Groundhog Day producer Trevor Albert recalls the tense shoot with star Bill Murray and co-writer/director Harold Ramis that ended their friendship.
While still considered a classic today, Groundhog Day producer Trevor Albert recalls the tense shoot with star Bill Murray and co-writer/director Harold Ramis. The 1983 film centered on Phil Connors, a cynical TV weatherman becoming fed up with his life who finds himself stuck in a time loop on February 2 while covering the eponymous celebration in Punxsutawney, Pennsylvania. Co-starring Andie MacDowell, Stephen Tobolowsky, Brian Doyle-Murray and Rick Overton, Groundhog Day scored widespread acclaim upon its release for its mix of wholesome themes and darker humor, with Murray and Tobolowsky’s performances in particular garnering largely positive reviews.
In honor of the film’s 30th anniversary, The Hollywood Reporter caught up with Trevor Albert to discuss the legacy of the fantasy comedy Groundhog Day. While looking back at the production of the classic film, the producer recalled the tense shooting environment between Murray and Ramis, which ultimately led to the disintegration of their longstanding creative partnership and friendship. See what Albert shared below:
It was a tense shoot for a number of reasons. It was unfortunate and probably made the movie considerably less fun to make. You can still make a very good movie when people are not in perfect harmony.
Bill Murray and Harold Ramis’ History Together
Well before their partnership came to an end on Groundhog Day, Murray and Ramis had a long-standing tenure of acclaimed collaborations beginning in the mid ’70s with their time on The National Lampoon Radio Hour. The duo’s first on-screen partnership came in the form of the 1979 summer camp comedy Meatballs, which is not only credited with helping launch Murray as a leading man, but also began his and Ramis’ longstanding relationship with producer/director Ivan Reitman. Ramis would team up with Murray again the following year for his directorial debut in the cult classic sports comedy, Caddyshack, alongside fellow Saturday Night Live alum Chevy Chase.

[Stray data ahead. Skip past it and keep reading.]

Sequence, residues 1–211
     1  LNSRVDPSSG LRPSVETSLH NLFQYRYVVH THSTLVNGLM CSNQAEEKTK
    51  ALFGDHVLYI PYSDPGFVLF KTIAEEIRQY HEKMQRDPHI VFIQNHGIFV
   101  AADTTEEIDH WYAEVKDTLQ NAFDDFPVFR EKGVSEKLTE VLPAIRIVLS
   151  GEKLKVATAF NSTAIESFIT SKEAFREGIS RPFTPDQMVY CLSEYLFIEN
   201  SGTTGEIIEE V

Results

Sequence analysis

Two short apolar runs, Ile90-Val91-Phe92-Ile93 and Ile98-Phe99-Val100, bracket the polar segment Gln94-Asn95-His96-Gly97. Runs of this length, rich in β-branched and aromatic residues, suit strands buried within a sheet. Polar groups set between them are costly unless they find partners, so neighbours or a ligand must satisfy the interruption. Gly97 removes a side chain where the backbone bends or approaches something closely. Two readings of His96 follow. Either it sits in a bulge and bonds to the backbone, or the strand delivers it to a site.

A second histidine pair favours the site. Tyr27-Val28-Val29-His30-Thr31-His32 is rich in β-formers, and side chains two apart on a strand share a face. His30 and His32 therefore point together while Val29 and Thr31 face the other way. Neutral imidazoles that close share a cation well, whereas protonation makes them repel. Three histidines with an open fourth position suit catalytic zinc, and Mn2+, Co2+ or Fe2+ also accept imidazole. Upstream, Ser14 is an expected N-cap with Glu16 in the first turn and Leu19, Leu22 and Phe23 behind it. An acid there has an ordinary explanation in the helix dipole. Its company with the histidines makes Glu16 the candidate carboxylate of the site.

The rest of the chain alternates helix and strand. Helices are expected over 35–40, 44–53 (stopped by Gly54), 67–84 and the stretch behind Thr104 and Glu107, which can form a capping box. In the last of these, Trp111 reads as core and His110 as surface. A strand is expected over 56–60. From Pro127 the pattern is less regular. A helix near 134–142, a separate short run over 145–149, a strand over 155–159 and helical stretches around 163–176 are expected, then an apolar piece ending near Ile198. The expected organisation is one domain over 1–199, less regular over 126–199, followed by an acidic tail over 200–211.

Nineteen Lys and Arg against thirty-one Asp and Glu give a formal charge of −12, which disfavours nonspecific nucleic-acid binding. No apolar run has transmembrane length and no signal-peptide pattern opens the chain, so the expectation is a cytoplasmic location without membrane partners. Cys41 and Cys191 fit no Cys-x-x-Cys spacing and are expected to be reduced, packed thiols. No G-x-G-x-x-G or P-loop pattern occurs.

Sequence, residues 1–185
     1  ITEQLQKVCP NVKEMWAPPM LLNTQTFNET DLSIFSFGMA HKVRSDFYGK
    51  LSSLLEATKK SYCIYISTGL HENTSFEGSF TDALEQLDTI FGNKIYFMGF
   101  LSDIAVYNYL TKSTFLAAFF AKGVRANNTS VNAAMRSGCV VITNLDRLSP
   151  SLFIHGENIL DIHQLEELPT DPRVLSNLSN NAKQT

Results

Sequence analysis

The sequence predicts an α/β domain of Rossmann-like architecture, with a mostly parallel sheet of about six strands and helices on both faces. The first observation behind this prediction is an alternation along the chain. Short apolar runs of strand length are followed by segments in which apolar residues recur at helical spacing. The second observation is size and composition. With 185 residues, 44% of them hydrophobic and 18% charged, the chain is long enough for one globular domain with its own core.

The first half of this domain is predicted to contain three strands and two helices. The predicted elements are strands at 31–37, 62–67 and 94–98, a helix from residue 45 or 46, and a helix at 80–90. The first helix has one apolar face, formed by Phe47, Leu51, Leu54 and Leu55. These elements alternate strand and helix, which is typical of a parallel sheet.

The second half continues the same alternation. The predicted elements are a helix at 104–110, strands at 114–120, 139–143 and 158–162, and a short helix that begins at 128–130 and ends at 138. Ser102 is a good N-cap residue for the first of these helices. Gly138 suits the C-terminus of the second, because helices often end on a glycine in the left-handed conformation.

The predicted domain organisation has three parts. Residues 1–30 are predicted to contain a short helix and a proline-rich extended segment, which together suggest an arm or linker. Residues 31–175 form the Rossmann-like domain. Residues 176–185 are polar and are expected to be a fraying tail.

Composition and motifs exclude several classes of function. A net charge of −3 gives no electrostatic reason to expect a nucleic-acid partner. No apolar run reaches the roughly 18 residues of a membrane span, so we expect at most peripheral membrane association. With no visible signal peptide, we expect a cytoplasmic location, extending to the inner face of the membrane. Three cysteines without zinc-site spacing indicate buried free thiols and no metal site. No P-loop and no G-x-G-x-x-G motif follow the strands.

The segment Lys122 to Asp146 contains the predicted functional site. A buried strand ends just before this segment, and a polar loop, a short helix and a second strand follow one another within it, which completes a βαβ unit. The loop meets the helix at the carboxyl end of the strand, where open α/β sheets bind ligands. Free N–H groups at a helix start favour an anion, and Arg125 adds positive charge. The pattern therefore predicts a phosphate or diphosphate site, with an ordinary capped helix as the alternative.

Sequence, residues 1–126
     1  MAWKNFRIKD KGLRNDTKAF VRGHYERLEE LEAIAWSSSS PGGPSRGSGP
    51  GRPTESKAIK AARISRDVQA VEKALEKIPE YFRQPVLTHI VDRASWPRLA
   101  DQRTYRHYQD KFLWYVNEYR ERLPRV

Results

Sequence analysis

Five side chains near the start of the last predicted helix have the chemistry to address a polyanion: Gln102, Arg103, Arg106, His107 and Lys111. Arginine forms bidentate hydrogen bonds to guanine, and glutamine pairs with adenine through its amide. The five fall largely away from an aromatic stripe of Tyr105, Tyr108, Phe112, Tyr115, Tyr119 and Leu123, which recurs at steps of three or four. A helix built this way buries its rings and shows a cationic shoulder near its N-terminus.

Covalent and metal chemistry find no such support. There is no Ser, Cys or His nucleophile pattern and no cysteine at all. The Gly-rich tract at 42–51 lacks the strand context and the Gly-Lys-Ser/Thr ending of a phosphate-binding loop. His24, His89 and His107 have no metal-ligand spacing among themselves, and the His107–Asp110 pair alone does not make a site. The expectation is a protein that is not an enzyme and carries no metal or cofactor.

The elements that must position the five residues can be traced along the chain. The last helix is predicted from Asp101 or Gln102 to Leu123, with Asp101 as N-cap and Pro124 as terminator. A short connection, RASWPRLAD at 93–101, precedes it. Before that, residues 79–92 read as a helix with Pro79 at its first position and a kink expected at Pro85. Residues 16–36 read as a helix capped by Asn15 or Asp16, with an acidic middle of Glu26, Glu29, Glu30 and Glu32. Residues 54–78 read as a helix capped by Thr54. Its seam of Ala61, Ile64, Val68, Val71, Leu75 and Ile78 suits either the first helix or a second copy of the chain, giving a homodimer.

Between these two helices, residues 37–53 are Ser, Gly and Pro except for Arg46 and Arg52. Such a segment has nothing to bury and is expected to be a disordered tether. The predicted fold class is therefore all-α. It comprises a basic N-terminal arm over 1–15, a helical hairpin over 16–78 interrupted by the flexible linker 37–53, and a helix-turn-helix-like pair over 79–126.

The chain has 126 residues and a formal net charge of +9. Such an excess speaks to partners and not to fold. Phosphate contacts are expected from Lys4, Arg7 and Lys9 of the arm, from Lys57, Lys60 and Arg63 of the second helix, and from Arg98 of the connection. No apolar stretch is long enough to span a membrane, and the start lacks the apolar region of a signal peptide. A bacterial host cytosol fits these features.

The success of the 1980 film led to a string of hits for the pair over the next decade, beginning with 1981’s Stripes, which reunited them with Reitman and was a critical and commercial hit. Their biggest collaboration would come just three years later with 1984’s Ghostbusters, in which Murray and Ramis not only starred in the sci-fi comedy, but also saw the latter co-write the script with co-star Dan Aykroyd. Becoming the second-highest-grossing film of its year behind Eddie Murphy’s Beverly Hills Cop, it would launch a decades-long franchise in which Ramis, Murray and Aykroyd would return for the poorly received 1989 sequel Ghostbusters II, while the latter two would reunite for 2021’s hit Ghostbusters: Afterlife, which itself paid tribute to Ramis’ passing.
Murray and Ramis’ Groundhog Day conflicts became a source of infamy in the wake of the film’s release, with the two clashing over its tone, the latter’s direction, and other actors’ performances. Despite their long-standing partnership having initially come to an end after the 1993 film, Murray and Ramis would get the opportunity to reconcile shortly before the latter’s death in 2014, with the actor visiting his frequent writer/director with a box of donuts and police escort and talking to him over several hours. Audiences can celebrate the film’s anniversary with Groundhog Day available to stream on AMC+ now.
More: Groundhog Day’s Best Theory Makes The Happy Ending A CurseSource: THR